Canadian Manufacturing

Bombardier turns annual profit for first time in five years as train woes persist

The Canadian Press

Canadian Manufacturing
Operations Aerospace Transportation

Despite issues in its transportation division, business jet sales are strong for the plane and train maker

The Global 7500. PHOTO: Bombardier

MONTREAL—Bombardier Inc. turned a profit in 2018 for the first time in five years as its business jet unit delivered, catapulting its share price despite several train project derailments and weak transportation results.

The plane-and-train maker said it pocketed a net income of US$318 million in 2018, compared to annual losses that ranged from US$525 million to US$5.34 billion in the four preceding years.

The business jet division saw its earnings margin before interest and taxes spike to 8.6 per cent from eight per cent, maximizing its one per cent nudge in revenue to US$4.99 billion.

Chief executive Alain Bellemare said Thursday the overall improvement comes as the company is nearing the end of its five-year turnaround plan that saw it add new business jets, sell two commercial aircraft programs and streamline costs by reducing the number of employees.


Bombardier said it is still on track to deliver between 50 and 60 of its flagship Global 7500 in the next two years, with the goal of pushing up business aircraft revenues more than 40 per cent to about US$8.5 billion in 2020.

With 137 deliveries last year—down from 138 in 2017—and an order backlog of US$14.3 billion, the business jet division aims to send up to 155 more planes to customers in 2019, including the US$73-million Global 7500, that entered into service in December.

“In the long-term, this program is set to represent an important growth vector for the aerostructure division,” wrote analyst Benoit Poirier of Desjardins Securities in an investor note, highlighting opportunities for repair and parts replacement.

The Montreal-based company’s shares leaped 23 per cent to close at $2.51 Thursday, though they still sat below July levels.

“There was something of a relief rally in the stock, really driven by the free cash flow performance,” said National Bank Financial analyst Cameron Doerksen in an interview.

Free cash flow hit US$1.04 billion in the fourth quarter, rising 19 per cent to top the consensus of US$890 million, he said.

In July, Bombardier sold a majority share of its C Series commercial aircraft program to Europe’s Airbus. That shrunk commercial plane unit losses to US$157 million in 2018 from US$381 million in 2017, in terms of earnings before interest, tax and special items.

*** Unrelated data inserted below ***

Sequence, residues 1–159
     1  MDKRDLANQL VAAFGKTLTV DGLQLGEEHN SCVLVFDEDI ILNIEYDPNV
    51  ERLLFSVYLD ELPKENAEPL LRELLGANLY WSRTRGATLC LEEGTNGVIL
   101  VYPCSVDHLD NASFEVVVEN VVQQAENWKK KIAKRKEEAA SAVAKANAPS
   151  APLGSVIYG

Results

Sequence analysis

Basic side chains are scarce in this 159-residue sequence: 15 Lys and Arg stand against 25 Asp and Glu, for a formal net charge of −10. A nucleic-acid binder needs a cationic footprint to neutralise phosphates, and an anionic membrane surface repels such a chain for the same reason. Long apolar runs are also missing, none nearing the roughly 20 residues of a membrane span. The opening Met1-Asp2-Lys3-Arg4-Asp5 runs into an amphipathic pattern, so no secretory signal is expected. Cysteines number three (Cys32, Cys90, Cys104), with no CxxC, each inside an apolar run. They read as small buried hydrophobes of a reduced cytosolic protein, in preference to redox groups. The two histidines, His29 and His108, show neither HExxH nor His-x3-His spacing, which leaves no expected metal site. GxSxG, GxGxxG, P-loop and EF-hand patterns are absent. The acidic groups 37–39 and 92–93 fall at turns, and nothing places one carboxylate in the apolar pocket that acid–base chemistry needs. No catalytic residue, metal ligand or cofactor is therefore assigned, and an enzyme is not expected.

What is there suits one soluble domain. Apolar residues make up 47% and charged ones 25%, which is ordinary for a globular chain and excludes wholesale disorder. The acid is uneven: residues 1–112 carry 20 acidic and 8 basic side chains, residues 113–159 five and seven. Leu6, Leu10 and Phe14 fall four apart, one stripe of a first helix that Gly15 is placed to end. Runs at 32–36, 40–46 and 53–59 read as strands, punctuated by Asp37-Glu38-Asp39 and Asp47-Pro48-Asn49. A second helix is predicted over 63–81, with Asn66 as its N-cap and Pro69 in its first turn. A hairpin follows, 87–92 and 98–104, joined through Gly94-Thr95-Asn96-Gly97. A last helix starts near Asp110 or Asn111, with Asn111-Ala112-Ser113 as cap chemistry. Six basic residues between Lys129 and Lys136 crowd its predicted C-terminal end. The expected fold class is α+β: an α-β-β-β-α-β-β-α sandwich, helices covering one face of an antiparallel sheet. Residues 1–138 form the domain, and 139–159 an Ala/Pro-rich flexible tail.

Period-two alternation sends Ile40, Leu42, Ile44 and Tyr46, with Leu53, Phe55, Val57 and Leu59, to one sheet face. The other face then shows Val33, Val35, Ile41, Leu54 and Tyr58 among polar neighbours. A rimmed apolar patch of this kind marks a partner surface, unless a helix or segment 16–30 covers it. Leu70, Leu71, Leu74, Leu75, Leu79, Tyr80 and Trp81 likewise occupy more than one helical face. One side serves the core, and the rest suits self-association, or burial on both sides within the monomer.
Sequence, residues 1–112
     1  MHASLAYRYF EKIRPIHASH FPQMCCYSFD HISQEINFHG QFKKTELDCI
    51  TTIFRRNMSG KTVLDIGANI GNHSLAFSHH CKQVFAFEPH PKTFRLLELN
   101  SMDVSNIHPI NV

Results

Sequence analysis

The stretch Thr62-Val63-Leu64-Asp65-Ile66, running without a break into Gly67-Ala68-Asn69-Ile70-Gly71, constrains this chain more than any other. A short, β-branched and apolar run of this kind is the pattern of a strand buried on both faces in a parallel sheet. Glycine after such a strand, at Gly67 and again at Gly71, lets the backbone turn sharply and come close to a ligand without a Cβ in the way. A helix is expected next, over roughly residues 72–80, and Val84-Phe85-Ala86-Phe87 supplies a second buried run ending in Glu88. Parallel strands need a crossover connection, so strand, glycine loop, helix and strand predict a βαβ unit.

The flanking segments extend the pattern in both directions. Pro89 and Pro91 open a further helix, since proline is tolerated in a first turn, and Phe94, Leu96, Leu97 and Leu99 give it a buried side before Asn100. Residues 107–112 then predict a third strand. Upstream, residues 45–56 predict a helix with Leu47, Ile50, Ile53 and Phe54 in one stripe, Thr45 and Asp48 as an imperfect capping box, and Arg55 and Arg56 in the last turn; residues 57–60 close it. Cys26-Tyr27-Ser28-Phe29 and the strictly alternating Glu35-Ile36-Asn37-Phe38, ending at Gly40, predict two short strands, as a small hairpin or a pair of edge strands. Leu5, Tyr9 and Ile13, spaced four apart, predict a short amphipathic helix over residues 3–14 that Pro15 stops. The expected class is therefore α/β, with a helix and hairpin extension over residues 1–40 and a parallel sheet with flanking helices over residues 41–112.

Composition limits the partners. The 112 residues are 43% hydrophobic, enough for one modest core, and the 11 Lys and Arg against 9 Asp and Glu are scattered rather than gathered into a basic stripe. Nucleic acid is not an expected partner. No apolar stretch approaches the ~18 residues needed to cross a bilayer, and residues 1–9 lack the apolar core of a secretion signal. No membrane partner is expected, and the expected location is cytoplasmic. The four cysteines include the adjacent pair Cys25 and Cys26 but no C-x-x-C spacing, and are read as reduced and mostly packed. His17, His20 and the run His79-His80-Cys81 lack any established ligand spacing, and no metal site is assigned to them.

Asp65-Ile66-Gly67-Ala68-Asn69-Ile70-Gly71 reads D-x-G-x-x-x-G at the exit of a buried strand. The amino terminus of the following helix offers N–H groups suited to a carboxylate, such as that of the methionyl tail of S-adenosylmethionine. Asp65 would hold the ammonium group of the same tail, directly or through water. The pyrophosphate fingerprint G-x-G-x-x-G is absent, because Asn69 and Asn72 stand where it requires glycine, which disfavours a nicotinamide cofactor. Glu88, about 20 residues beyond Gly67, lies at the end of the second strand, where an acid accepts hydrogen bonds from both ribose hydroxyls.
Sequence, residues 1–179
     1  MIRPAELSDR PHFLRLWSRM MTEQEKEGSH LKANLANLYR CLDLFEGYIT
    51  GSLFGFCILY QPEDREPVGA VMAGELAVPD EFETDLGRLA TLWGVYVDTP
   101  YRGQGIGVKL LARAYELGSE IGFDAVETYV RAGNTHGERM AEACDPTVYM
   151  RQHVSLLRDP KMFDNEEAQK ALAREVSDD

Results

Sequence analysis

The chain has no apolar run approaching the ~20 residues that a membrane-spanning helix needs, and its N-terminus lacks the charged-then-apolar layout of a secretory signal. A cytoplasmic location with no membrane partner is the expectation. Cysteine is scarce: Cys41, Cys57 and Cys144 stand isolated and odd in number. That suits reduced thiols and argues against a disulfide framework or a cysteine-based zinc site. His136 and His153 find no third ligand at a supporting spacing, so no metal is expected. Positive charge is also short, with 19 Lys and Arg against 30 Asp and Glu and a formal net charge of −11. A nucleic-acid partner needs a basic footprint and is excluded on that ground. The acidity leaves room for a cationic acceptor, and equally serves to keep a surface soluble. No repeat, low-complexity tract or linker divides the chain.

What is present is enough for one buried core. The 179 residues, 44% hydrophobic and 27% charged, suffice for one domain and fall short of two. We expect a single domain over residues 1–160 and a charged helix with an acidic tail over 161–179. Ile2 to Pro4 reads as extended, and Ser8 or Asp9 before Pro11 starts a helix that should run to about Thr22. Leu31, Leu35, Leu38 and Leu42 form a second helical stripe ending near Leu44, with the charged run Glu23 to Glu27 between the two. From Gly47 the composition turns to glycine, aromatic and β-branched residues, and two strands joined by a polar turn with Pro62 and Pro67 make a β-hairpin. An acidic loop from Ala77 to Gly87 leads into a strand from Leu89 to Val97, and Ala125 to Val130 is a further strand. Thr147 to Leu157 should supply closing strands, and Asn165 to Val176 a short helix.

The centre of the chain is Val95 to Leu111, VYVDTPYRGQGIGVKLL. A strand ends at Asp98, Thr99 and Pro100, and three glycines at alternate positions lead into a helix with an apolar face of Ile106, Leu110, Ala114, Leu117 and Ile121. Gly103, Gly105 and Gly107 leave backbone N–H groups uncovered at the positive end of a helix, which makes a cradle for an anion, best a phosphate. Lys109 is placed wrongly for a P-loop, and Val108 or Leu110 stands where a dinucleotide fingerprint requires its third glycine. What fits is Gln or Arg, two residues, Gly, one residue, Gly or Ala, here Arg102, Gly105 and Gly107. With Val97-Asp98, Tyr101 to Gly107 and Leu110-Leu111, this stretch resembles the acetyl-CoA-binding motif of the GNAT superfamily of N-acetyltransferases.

However, Bellemare acknowledged there are a half-dozen train projects “that have been a drag,” but said that “there’s no systemic issue here.”

“I understand it’s creating disappointment,” he added.

Bombardier’s train unit raked in US$8.9 billion of the company’s US$16.2 billion in revenues in 2018, with a margin of 7.7 per cent on earnings before interest and tax, below last year’s 8.4 per cent.

Fourth-quarter rail revenues dropped 10 per cent to US$2.16 billion from a year ago.

The drab rail results triggered a decrease in Bombardier’s stake of its train business by 2.5 per cent to 70 per cent. That means “there’s no immediate urgency” to buy back the Caisse de depot’s now-30 per cent stake—valued at more than US$2 billion—in the rail segment, said chief financial officer John Di Bert.

Delays and repair problems have plagued Bombardier train contracts over the past decade.

Earlier this month, Metrolinx announced it would impose financial penalties on the company after it delivered only half of a promised six vehicles for Toronto’s Eglinton Crosstown LRT by deadline.

Last month, three international public transit agencies in New York, Switzerland and France opted to stop taking trains from the company until it fixes the ones already in service.

Bombardier announced a leadership shakeup at the troubled train unit last week, naming Danny Di Perna as the new head to replace Laurent Troger, who took on the role in December 2015.

The abrupt announcement came as Bombardier enters the final two years of a five-year turnaround begun in 2015 that zeroes in on higher-yielding business jets as demand for the jetliners gains elevation.

The Global 7500, along with the new Global 5500 and 6500, come partly as a response to products from rival business jet manufacturer Gulfstream Aerospace Corp.

Bombardier, which keeps its books in U.S. dollars, said it earned a fourth-quarter profit of $55 million or two cents per diluted share for the quarter ended Dec. 31. That compared with a loss of $188 million or nine cents per share a year ago.

Revenue totalled $4.3 billion for the last three months of 2018, down from $4.61 billion in the final quarter of 2017.

On an adjusted basis, Bombardier said it earned five cents per share for the quarter compared to an adjusted loss of two cents per share a year ago.

Analysts on average had expected a profit of two cents per share for the quarter, according to Thomson Reuters Eikon.


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